The New (2019) IRS Tax Compliance Program for Expats
In 2019, the Large Business and International division of the IRS announced new compliance campaigns, one of which is known as the U.S. Expat Compliance Campaign. According to this program, United States citizens and long-term residents that were expatriated on or after March 18, 2010, who have not paid their taxes can take advantage of certain relief procedures.
Expats who have unpaid taxes can benefit from using the services of an accounting firm that specializes in tax compliance for United States citizens who live abroad. CPA Ted Kleinman is available to help expats understand and utilize the new (2019) IRS tax compliance program for expats. To schedule a consultation with foreign tax accountant Ted Kleinman from US Tax Help to discuss using the new IRS tax compliance program for expats, call us at (541) 362-9127.
The 2019 Tax Compliance Program for Americans Living Abroad
New procedures that allow individuals who have relinquished their U.S. citizenship to come into compliance with U.S. tax law went into effect in 2019. These new procedures are known as Relief Procedures for Certain Former Citizens and apply to individuals who did not file their U.S. tax returns when they were a U.S. citizen or resident. To use these compliance procedures, individuals must also owe under a certain amount of back taxes, cannot have net assets worth more than $2 million, and must have past compliance failures that were non-willful.
To benefit from this compliance program, eligible individuals must file outstanding U.S. tax returns for the year of their expatriation as well as the five years leading up to it (a total of six years), which includes all of the required schedules and information returns. If the individual’s tax liability is less than $25,000, they are relieved from having to pay the U.S. taxes they owe and will be exempt from having to pay penalties and interest. Note that these new tax compliance procedures for expats are only available to individuals, not estates, trusts, corporations, partnerships, or other entities.
Expat Tax Compliance Obligation
U.S. citizens or long-term residents who terminate that status are known officially as expatriates. Expatriates are required to file Form 8854 with their tax returns during the year they are expatriated from the United States. Failing to file Form 8854 or filing late may result in a penalty of $10,000. Other unfiled information returns (including Form 8938, Form 5471, Form 3520, Form 3520-A, Form 8621, Financial Crimes Enforcement Network Form 114, and others) can also result in penalties.
While the new IRS tax compliance program is beneficial to U.S. expats who have unfiled taxes and tax debts, U.S. taxpayers must comply with other rules, such as FATCA. The Foreign Account Tax Compliance Act requires U.S. taxpayers and financial institutions to report their foreign assets. FATCA applies to U.S. taxpayers who live in the United States and abroad — they must disclose their assets to the IRS if they are held in a financial institution that is based outside of the United States. FATCA also required foreign financial institutions to disclose information about citizens who hold accounts with them. U.S. expats must comply with FATCA rules. Failure to comply can result in a fine ranging between $10,000 and $50,000.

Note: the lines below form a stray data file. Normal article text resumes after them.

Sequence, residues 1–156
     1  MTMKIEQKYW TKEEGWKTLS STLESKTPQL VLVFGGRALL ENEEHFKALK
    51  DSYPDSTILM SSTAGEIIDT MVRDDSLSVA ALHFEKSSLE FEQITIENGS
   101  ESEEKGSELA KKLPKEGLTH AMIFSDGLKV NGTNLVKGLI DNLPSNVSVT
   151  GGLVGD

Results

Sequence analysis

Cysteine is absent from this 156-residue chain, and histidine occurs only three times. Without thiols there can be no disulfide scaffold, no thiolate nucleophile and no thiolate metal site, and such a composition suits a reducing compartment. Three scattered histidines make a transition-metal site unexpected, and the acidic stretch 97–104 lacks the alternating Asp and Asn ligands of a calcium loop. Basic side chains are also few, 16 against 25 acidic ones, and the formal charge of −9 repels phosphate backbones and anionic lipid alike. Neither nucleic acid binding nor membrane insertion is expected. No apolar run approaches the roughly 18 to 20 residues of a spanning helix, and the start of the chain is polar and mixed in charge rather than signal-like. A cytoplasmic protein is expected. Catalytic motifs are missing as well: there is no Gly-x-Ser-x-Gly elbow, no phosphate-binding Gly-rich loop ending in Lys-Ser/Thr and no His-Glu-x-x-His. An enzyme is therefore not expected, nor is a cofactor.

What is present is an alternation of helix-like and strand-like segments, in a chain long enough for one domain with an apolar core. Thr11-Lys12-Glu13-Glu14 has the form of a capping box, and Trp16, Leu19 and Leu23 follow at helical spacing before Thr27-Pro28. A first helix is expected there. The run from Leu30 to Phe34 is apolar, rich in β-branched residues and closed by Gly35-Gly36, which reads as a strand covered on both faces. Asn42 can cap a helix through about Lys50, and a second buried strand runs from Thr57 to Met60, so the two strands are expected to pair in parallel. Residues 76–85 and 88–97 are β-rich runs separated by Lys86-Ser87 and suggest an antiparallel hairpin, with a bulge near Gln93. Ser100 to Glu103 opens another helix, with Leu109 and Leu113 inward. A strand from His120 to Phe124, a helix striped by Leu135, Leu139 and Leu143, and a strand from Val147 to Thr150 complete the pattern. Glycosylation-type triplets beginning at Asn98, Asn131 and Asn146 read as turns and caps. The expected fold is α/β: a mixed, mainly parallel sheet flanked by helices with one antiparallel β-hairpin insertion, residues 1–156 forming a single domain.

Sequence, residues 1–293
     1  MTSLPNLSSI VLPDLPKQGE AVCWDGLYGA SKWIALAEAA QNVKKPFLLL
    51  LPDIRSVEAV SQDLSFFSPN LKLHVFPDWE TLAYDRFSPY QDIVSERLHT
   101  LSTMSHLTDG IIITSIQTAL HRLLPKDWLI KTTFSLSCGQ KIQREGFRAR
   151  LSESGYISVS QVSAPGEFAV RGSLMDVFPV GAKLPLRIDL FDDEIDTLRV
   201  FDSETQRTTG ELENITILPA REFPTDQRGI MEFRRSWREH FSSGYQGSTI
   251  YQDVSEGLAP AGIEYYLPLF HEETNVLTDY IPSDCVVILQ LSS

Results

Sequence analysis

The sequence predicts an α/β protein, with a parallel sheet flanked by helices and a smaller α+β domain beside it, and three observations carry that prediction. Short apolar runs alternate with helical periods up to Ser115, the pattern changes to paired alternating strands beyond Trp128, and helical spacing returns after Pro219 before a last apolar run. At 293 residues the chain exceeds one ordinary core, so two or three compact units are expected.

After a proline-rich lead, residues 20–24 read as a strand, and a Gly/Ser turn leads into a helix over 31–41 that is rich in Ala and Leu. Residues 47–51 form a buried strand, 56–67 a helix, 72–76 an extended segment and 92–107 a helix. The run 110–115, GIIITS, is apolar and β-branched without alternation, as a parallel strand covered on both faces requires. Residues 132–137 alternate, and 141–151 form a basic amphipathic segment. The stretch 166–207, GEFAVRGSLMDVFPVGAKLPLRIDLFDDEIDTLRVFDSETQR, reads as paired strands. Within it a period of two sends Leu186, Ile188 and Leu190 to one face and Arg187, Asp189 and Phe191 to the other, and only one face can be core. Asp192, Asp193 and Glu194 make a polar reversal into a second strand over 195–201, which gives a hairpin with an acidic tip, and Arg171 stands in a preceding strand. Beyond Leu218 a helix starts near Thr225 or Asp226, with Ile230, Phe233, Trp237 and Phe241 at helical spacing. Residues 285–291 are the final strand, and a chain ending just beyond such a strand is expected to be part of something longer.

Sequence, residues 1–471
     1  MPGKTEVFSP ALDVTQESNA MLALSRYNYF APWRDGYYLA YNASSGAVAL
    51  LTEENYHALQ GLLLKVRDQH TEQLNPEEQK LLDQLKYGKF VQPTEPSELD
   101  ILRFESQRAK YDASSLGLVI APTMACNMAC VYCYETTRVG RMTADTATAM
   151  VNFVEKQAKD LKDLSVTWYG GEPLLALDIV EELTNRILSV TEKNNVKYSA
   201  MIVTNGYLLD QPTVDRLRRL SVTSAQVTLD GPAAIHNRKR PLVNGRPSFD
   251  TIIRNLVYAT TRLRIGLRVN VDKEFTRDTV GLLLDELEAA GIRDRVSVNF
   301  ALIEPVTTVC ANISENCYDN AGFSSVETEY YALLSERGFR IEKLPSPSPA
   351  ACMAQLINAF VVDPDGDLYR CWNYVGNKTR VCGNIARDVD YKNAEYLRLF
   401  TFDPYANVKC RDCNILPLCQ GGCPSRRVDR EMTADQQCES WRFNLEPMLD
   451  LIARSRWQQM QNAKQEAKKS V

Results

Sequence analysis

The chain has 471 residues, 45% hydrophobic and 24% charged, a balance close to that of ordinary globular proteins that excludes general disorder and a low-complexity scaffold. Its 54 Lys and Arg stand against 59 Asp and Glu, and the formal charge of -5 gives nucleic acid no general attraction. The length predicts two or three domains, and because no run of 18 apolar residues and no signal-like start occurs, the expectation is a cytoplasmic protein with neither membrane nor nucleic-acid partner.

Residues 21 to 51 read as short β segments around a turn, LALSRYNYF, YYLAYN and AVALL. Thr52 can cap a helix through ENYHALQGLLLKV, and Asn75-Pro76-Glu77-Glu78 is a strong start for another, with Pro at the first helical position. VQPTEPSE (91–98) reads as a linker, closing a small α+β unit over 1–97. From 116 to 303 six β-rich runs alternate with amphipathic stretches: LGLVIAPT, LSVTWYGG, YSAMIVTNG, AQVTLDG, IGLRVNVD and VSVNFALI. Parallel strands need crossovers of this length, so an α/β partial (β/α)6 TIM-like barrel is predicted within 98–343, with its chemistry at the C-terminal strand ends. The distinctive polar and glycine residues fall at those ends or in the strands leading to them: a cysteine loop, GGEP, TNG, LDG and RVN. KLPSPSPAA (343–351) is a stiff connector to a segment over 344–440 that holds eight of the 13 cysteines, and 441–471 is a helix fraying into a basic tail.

The Streamlined Filing Compliance Procedure
While the new tax compliance programs for expats offer new ways for taxpayers living abroad to comply with U.S. tax law, U.S. taxpayers can also benefit from the pre-existing Streamlined Filing Compliance Procedure. This tax compliance procedure is available to taxpayers who can certify that their failure to report their foreign financial assets (and file and pay taxes accordingly) was not the result of their willful conduct. (Non-willful conduct is conduct that occurs because of negligence, inadvertence, or mistakes that are the result of a good faith misunderstanding of the requirement of the law.) The Streamlined Filing Compliance Procedure helps taxpayers by providing them with a streamlined procedure for filing delinquent or amended returns and terms for resolving their tax and penalty obligations.
Accounting Services for Expats to Avoid Tax Compliance Issues
United States citizens who give up their citizenship are required to essentially “log out” of the United States tax system, which can be done by filing Form 8854. Failing to do so can result in years’ worth of unfiled tax returns and subsequent unpaid taxes.
If you have been expatriated from the United States, use the help of an experienced foreign tax accountant to successfully file Form 8854 and certify that taxes from the prior five years are correct and complete. If you have been expatriated from the U.S. and you have not certified that your taxes from the previous five years have been paid, get in touch with an accountant to help you make the most of the new IRS tax compliance program. A foreign tax accountant can also help you with other necessary forms you’ll have to file as a United States citizen living abroad, such as the forms necessitated by the FATCA.
Accountant for Tax Compliance for Expats
If you’re a United States citizen who has been living abroad with unpaid taxes, you might qualify for the new (2019) IRS tax compliance program for expats. To find out if you can benefit from this program and what it means for your taxes, get in touch with foreign tax CPA Ted Kleinman from US Tax Help by calling (541) 362-9127.